truth. As a Self Discovery Expert and Truth Coach, Pamela would love to work with you, especially if you are a brave soul who has finally left a codependent, controlling and/or emotionally abusive relationship and now have a burning desire to express your authenticity. Sign up for her free weekly eZine, subscribe to her blog, follow her on Twitter and like her Facebook page for events, deals and free stuff. Or simply send a message to email@example.com. Pamela and her Elasticity will help you bounce back, better than ever!
By Elizabeth Pantley, Author of the No-Cry Sleep Solution and Gentle Baby Care
Question: Our first-born is showing extreme jealousy towards the new baby. He’s obviously mad at us for disrupting the predictable flow of his life with this new challenger for our attention. How can we smooth things out?
Think about it: Before the baby entered your family, your toddler was told he’d have a wonderful little brother to play with, and how much fun it would be. Then the little brother is born and your toddler is thinking, “Are you kidding me? This squirming, red-faced baby that takes up all your time and attention is supposed to be FUN?” He then “plays” with the baby in the only ways he knows how. He plays catch. You yell at him for throwing toys at the baby. He plays hide-and-seek. You yell at him to get the blanket off the baby. He gives the kid a hug, and you admonish him to be more careful. Is it any wonder that your toddler is confused?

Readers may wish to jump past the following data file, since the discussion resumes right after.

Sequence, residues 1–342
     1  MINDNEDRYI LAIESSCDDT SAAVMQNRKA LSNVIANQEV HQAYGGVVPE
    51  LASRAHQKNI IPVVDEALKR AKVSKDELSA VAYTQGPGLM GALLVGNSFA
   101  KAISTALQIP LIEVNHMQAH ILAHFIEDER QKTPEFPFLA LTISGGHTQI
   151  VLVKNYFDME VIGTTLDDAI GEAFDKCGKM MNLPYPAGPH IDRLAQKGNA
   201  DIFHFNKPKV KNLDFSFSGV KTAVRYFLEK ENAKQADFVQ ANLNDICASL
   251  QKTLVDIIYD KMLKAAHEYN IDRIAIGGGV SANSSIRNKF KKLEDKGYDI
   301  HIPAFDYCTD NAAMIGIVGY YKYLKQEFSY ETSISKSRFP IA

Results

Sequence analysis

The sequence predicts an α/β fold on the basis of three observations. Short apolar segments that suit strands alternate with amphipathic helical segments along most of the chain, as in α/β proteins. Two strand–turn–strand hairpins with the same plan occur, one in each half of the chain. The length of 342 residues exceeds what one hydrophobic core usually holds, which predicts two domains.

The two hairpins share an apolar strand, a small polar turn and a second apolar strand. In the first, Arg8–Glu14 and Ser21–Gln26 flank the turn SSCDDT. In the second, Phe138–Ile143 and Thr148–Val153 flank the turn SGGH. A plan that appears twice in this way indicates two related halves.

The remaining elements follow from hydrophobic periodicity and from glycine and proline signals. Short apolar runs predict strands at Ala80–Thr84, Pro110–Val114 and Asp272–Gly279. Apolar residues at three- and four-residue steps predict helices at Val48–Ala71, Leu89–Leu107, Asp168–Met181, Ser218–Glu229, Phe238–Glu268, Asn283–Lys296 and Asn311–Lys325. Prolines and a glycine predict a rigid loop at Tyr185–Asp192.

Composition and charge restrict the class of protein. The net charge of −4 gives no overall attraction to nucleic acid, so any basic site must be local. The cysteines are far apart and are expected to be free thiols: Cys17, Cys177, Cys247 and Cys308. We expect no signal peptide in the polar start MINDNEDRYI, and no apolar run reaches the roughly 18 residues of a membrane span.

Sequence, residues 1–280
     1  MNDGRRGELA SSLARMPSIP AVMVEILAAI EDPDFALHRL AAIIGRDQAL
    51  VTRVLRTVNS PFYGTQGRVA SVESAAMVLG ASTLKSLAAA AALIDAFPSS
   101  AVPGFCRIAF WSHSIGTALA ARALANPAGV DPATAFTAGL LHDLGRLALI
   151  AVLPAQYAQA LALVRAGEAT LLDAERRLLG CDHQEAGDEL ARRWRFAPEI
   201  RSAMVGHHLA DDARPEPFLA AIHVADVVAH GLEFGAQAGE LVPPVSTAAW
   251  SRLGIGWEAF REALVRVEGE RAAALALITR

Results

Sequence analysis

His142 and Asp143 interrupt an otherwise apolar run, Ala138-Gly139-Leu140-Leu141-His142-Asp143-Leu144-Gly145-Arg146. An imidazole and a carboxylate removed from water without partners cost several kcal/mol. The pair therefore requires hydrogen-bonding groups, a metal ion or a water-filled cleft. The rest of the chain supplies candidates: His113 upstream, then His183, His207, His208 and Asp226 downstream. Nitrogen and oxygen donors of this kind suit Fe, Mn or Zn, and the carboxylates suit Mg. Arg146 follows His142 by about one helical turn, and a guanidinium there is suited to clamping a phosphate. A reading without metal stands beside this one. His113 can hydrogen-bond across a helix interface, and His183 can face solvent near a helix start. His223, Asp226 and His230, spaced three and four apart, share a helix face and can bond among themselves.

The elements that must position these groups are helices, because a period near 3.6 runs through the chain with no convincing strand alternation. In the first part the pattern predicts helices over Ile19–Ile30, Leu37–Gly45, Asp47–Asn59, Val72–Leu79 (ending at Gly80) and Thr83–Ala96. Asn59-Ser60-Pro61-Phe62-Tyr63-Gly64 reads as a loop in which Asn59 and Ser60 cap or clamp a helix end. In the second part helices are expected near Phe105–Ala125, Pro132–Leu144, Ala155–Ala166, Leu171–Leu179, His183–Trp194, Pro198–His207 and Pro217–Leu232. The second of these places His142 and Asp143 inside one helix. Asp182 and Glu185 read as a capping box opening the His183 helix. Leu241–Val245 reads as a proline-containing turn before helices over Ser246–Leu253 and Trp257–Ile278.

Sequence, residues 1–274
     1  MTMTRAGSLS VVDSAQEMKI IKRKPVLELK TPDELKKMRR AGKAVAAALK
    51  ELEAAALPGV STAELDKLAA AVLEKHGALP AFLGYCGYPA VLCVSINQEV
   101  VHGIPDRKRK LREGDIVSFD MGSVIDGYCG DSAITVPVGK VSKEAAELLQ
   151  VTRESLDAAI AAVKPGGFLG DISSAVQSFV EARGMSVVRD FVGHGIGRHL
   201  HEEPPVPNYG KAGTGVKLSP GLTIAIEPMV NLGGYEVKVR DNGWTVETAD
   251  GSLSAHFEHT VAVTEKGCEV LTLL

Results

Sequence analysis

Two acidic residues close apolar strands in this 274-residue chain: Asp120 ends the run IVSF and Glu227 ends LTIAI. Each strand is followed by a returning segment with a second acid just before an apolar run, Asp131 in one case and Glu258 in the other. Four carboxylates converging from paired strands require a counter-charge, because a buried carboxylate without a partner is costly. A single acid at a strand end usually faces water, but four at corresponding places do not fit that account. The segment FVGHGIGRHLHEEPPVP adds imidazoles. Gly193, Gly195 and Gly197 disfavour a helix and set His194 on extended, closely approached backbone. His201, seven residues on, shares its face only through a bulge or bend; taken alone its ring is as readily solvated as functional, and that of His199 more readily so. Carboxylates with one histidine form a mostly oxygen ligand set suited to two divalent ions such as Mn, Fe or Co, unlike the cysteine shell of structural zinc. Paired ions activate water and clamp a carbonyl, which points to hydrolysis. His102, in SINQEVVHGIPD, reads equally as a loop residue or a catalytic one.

Teach:Your first goal is to protect the baby. Your second, to teach your older child how to interact with his new sibling in proper ways. You can teach your toddler how to play with the baby in the same way you teach him anything else. Talk to him, demonstrate, guide and encourage. Until you feel confident that you’ve achieved your second goal, however, do not leave the children alone together. Yes, I know. It isn’t convenient. But it is necessary, maybe even critical.
Hover:Whenever the children are together, “hover” close by. If you see your child about to get rough, pick up the baby and distract the older sibling with a song, a toy, an activity or a snack. This action protects the baby while helping you avoid a constant string of “Nos,” which may actually encourage the aggressive behavior.
Teach soft touches: Teach the older sibling how to give the baby a back rub. Tell how this kind of touching calms
the baby, and praise the older child for a job well done. This lesson teaches the child how to be physical with the baby in a positive way.
Act quickly: Every time you see your child hit, or act roughly with the baby, act quickly. You might firmly
announce, “No hitting, time out.” Place the child in a time-out chair with the statement, “You can get up when you can use your hands in the right way.” Allow him to get right up if he wants – as long as he is careful and gentle with the
baby. This isn’t punishment, after all. It’s just helping him learn that rough actions aren’t going to be permitted.
Demonstrate: Children learn what they live. Your older child will be watching as you handle the baby and learning from your actions. You are your child’s most important teacher. You are demonstrating in everything you do, and your child will learn most from watching you.
Praise: Whenever you see the older child touching the baby gently, make a positive comment. Make a big fuss about the important “older brother.” Hug and kiss your older child and tell him how proud you are.
Watch your words: Don’t blame everything on the baby. “We can’t go to the park; the baby’s sleeping.” “Be quiet, you’ll wake the baby.” “After I change the baby I’ll help you.” At this point, your child would just as soon sell the
baby! Instead, use alternate reasons. “My hands are busy now.” “We’ll go after lunch.” “I’ll help you in three
Be supportive: Acknowledge your child’s unspoken feelings, such as “Things sure have changed with the new baby